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Showing content with the highest reputation on 09/25/2020 in all areas

  1. Well I can’t keep up with what I post anymore . The 3.2 is now running with the MN47 head again . Since the last post I had put miles on the p90 while I was fixing a 71 for a customer . Meanwhile the MN head got new Manely valves and bronze guides . I swapped it back I’m with the proper head gasket thickness and should be back to 10.5:1 . Cylinder pressure is around 220 with compression tester . Pistons were pretty much broke in , so just a tune and start flogging . I managed a quick 0-60 time of 4.77 seconds . This is a beast motor . It’s amazing how hard it pulls even in 4h gear . Dyno appointment is in November - everyone is booked up until then . 8B4867CC-29D6-428F-A1D7-5F72482973E3.MP4
  2. @gnosez and I have corresponded about this bodyshell. As far as I'm concerned, everything rings true.
  3. Some L series piston porn for your Thursday viewing pleasure. Originally the ceramic coating had some issues. I reached out to the company eagle suggested and they fixed them for me. Much better coating job. Contact IA coatings: https://www.facebook.com/iacoatings/
  4. I've seen one of those. Seems like it uses an air compressor but I don't remember. A mechanic friend had one at his shop. Reverse fluid filling. Here's one I found on the www.com. https://www.autoanything.com/brakes/77A5485A3714372.aspx?kc=GOOGADW&DZID=PLA_g_1776970776_66506501262_5485-3714372_c&utm_source=g&utm_medium=cpc&utm_campaign=1776970776&utm_content=66506501262&utm_product=5485-3714372&gclid=EAIaIQobChMI_Lya1eqE7AIVF47ICh3xxAzOEAQYBSABEgKa_vD_BwE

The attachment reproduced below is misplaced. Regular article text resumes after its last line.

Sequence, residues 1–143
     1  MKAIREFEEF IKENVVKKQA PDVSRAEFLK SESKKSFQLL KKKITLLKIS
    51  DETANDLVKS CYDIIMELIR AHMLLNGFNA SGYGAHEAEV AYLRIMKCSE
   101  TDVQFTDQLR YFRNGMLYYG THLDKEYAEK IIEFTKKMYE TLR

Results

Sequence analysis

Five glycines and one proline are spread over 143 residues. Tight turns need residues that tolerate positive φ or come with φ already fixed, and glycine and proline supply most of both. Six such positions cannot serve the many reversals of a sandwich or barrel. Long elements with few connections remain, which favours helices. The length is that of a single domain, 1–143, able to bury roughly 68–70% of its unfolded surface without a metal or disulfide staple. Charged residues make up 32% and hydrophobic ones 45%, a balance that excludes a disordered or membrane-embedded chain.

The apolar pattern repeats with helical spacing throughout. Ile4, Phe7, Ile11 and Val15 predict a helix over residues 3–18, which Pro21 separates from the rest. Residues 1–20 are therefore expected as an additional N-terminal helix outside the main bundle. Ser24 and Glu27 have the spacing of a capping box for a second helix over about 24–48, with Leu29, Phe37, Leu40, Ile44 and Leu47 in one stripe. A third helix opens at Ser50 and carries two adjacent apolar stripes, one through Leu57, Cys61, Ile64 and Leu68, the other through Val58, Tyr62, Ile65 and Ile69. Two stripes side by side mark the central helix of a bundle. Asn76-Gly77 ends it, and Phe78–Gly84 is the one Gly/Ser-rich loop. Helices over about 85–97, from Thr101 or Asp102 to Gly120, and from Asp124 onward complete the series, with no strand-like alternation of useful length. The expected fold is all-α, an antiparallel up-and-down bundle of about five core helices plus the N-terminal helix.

5. Ps. One of my neighbours has a machine that feeds the brake fluid in from the callipers!!!! Now that’s a cool way to chase the air back to the M/C! [emoji106]
  6. What’s your max ignition timing 100kpa
  7. That's a clever trick, I'll have to remember that one. The mount looks like it will work perfectly. Sure, it's called the R/T mount, https://www.technoversions.com/DiffMountHome.html? But if you want to remain original all you have to do is eliminate the space between the top of the diff housing and the bottom of the arrestor strap. The last time I did it I used two layers of some old rubber conveyor belt I had on hand, it is only about a 1/2" gap so when you raise the diff into place the arrestor strap is snug against the spacer and there is no room for the diff to jump up and make that clunk.
  8. @gnosez (Bad Dog) knows Bob Sharpe and maybe able to dig deeper to find the path & pedigree. Bad Dog mentioned that Bob Sharpe liked the 260z the best of the NA trio so this is a nice find wrt racing.
  9. It's in, I did have to shave some more metal of the inside to fit the bolts through and the nut on top like the manual shows. So it's possible to make the 72 mount to fit like the early one..
  10. There are four seals in the MC. Two to pressurize the front and back systems, one to keep them separated, and one to hold all of the fluid in the cylinder. Seems like your separator seal is not separating. Not sure of the actual dynamics but that seems reasonable, to me. Looking at the drawing it seems that fluid is pumping back and forth to various places with each pedal press. In your case it might be that the port to the front reservoir is clogged and fluid is getting forced past the separator seal (had to take a guess). Short would be - your MC is bad. Best guess. I found that some of the hydraulic parts I bought at the parts store had machining grit in the bores. Best to take them apart and clean them before installing.